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Elsewhere in the financials, Hank Greenberg, former CEO of AIG ( AIG), was preparing a proposal to keep the company from being taken over by the government. AIG is rushing to pay back a bridge loan from the government to avoid being seized. AIG shares added 9% to $2.80.

Spanish bank Banco Santander ( STD), meanwhile, confirmed it was expanding on its existing stake to buy the entirety of Sovereign Bancorp ( SOV) for $1.9 billion. Santander was unchanged at $14.50, and Sovereign ticked down 6.3% to $3.45.

"The market is finding a bottom. It's finding one. Whether Thursday/Friday was the bottom or whether we're going to see another bottom on Wednesday, it really doesn't matter," said Jason Pride, director of research at Haverford Investments. He said the market has experienced a great deal of the downside and is now beginning to resolve itself. "That doesn't mean we're going to propel into the next great market immediately ... but it means that we're working things out now."

There isn't another shoe to drop because of the broader economy, said Pride. He said that recent turmoil in the markets was accounting for the economic impact of the credit crisis. He said some areas of the market, including lower-tier financials, could continue to suffer. "But we're in the process of fixing things and moving out of it," he said.

In the technology space, Internet concerns Yahoo! ( YHOO) and Google ( GOOG) were working with the Justice Department to try to stave off an antitrust case against a proposed ad-sharing deal between the two companies. Yahoo! gave back 6.2% to $12.65, and Google shed 4.8% to $362.71.

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In other legal news, Discover Financial ( DFS) settled an antitrust lawsuit against MasterCard ( MA) and Visa ( V). Shares of Discover were rising on the news. Discover tacked on 11% to $11.76. Visa fell 2.1% to $57.61, and MasterCard was roughly flat at $174.07.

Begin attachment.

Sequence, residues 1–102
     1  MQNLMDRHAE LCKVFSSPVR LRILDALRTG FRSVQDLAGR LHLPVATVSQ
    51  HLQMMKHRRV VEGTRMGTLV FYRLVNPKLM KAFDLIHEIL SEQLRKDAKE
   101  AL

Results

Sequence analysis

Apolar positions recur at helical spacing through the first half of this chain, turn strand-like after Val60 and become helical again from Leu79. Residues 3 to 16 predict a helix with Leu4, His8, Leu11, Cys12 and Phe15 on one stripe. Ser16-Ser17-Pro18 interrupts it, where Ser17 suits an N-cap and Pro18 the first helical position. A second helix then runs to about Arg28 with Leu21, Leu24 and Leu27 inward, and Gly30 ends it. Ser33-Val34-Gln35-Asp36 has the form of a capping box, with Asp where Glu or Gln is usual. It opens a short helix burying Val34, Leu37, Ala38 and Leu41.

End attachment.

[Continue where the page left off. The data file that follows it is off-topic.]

Meanwhile, Boeing ( BA) looked headed for trouble as negotiations with its machinist union broke down. Boeing's machinists have been on strike for five weeks. The stock lost 4.3% to $45.07.

As for corporate earnings, consumer-products developer Johnson & Johnson reported third-quarter earnings that rose year over year and topped estimates. Shares added 2.1% to $64.

PepsiCo ( PEP) wasn't as rosy, announcing it would reduce its workforce and reporting falling profit. The stock dropped 12% to $54.40.

In the realm of commodities, crude oil shed $2.56 to close at $78.63 a barrel. Gold was unchanged at $839.50 an ounce.

Longer-dated U.S. Treasury securities were declining in price. The 10-year note was down 24/32, yielding 4.07%. The 30-year was losing 2-12/32 to yield 4.27%. The dollar was rallying vs. the yen but falling against the euro and pound.

Abroad, European indices including the FTSE in London and the DAX in Germany were trading higher. Looking at Asian markets , Japan's Nikkei closed 14.2% higher, a one-day record, and Hong Kong's Hang Seng closed with gains.